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Parliamentary Questions

Question Without Notice No. 512 asked in the Legislative Council on 21 May 2020 by Hon Alison Xamon

Minister responding: Hon F.M. Logan
Parliament: 40 Session: 1

Answered on 21 May 2020

ROEBOURNE REGIONAL PRISON — CONDITIONS

512. Hon ALISON XAMON to the minister representing the Minister for Corrective Services:

I ask this question on behalf of Hon Robin Chapple, who is on urgent parliamentary business.

I refer to the Office of the Inspector of Custodial Services' report ''2019 Inspection of Roebourne Regional Prison'' and to the ABC article ''WA's Roebourne prison 'infested' with snakes and rats, report finds, and prisoner health at risk'', published 15 May 2020, and the United Nations' ''Standard Minimum Rules for the Treatment of Prisoners'', also known as ''The Nelson Mandela Rules''.

(1) Is the minister aware that the conditions at Roebourne Regional Prison are in defiance of conditions prescribed by Nelson Mandela Rules 13, 19, 35, 42 and 58.1(a)?

(2) Can the minister offer any justification for women being ineligible for offender programs at Roebourne Regional Prison?

(3) Given that Nelson Mandela Rule 35.1 outlines the responsibilities of the prison director vis-a-vis recommendations, can the minister explain why recommendations from the 2016 report were not fully implemented by the time of the 2019 inspection?

(4) As rule 10 of The Nelson Mandela Rules states ''All accommodation provided for the use of prisoners � shall meet all requirements of health, due regard being paid to climatic conditions'', can the minister please explain why this does not apply to Roebourne Regional Prison?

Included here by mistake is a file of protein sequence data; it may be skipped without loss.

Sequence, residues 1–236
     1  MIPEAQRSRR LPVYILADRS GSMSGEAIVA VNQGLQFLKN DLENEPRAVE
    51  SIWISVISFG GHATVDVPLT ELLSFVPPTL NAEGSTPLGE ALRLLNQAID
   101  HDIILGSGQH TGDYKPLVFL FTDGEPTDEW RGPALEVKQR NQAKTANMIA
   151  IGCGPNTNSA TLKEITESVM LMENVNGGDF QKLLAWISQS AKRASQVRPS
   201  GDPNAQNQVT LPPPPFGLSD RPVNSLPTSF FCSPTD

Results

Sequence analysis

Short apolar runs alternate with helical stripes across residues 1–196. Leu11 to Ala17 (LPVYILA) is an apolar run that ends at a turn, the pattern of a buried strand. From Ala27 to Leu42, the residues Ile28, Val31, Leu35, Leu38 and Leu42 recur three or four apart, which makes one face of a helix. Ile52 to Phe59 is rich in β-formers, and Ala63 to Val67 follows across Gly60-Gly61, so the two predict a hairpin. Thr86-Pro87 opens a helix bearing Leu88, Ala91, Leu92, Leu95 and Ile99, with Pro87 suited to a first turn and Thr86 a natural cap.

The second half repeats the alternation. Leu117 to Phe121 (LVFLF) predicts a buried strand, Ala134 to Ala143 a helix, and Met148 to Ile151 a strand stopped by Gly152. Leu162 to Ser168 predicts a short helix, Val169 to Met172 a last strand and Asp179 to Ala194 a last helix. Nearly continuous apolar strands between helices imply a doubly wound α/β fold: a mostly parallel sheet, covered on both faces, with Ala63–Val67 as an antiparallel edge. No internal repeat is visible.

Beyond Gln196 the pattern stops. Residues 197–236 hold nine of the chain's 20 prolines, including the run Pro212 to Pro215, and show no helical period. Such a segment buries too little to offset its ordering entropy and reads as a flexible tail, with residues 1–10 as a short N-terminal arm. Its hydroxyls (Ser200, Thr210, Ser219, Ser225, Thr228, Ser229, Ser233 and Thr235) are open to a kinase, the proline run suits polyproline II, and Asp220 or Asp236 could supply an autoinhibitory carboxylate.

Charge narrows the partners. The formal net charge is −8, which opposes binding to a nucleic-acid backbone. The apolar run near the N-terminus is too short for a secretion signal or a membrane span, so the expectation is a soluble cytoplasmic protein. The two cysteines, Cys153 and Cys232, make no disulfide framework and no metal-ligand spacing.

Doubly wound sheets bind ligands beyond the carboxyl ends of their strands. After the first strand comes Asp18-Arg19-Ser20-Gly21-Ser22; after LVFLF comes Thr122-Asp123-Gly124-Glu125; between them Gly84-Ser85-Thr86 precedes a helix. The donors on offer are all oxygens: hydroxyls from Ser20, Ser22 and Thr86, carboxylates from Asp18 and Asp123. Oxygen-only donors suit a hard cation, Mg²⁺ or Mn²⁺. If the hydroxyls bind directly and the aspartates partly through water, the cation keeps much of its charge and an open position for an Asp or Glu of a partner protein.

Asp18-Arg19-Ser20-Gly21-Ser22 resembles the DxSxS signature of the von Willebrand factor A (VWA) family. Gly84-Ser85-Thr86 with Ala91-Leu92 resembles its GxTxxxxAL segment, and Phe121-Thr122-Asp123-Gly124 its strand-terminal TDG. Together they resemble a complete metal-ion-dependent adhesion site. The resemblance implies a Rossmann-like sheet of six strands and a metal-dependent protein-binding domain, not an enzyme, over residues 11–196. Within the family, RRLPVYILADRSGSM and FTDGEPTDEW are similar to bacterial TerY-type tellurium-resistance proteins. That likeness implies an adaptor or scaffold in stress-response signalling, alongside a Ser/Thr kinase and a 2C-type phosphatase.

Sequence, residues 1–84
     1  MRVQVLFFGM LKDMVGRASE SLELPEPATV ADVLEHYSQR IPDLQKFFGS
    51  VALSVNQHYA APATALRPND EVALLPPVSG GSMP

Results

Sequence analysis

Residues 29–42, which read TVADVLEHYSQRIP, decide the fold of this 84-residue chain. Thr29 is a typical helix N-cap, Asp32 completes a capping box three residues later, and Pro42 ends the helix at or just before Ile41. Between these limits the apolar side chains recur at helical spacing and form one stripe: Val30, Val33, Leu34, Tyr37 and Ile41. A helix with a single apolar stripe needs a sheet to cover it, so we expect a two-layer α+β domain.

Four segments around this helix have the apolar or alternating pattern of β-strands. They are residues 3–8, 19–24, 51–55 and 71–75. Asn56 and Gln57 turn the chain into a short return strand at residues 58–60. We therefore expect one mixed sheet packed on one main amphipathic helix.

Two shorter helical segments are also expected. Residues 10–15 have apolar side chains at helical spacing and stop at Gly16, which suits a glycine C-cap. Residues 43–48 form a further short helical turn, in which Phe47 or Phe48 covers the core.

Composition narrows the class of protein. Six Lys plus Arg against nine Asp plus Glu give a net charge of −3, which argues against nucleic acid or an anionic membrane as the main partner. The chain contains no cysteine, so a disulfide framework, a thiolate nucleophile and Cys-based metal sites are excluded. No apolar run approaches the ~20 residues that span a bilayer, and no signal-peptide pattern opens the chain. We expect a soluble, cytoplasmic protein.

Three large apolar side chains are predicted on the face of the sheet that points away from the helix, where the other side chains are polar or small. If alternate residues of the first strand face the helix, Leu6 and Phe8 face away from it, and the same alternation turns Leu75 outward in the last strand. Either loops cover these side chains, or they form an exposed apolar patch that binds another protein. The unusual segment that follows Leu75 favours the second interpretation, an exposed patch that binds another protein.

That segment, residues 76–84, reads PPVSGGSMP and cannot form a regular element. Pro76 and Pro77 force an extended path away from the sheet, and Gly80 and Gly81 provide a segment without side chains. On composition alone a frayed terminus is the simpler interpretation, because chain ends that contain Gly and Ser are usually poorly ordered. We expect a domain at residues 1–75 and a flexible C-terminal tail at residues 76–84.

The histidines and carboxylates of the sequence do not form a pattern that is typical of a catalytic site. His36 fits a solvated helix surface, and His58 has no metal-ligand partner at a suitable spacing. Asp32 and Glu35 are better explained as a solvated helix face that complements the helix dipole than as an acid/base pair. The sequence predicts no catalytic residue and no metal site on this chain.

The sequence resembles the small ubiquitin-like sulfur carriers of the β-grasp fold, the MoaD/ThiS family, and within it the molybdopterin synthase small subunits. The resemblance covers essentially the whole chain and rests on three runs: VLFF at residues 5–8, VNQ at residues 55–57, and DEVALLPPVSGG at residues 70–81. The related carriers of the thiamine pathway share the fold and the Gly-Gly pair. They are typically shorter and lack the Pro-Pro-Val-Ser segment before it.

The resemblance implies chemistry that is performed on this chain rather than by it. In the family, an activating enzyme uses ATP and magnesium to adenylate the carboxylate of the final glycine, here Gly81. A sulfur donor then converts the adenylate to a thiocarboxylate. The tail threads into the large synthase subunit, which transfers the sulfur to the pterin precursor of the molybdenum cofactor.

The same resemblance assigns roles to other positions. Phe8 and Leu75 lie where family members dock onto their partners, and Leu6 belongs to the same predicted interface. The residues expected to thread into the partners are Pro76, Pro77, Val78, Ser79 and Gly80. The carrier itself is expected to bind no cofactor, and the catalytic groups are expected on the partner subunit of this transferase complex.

Hon STEPHEN DAWSON replied:

I thank Hon Robin Chapple for some notice of the question. The following answer has been provided by the Minister for Corrective Services.

(1)–(4) The answer has been provided in tabular form, so I seek leave to have it incorporated into Hansard.

Leave granted.

The following material was incorporated —

QUESTION

ANSWER

(1)

The 2019 Inspection of Roebourne Regional Prison acknowledges the improvement made at Roebourne since its last inspection in 2016 and credits much of this to the stable management team and staff. In particular, it is noted that:

          Prisoner's opinion of food quality and quantity had improved dramatically since the last report with 54% rating the quality as good and 49% rated the quantity as good. This puts Roebourne slightly ahead of the state average for quality and equal for quantity.

          Each prisoner is issued 4 complete sets of clothing including shorts, shirts, recreation singlets and underwear. These items are laundered in an industrial laundry each week day and bedding is mandatorily collected and washed once per week. Pillows and Mattresses are replaced on a six monthly basis.

          All prisoners at Roebourne are entitled to send unlimited written letters for free and an additional seven prisoner telephones have been installed.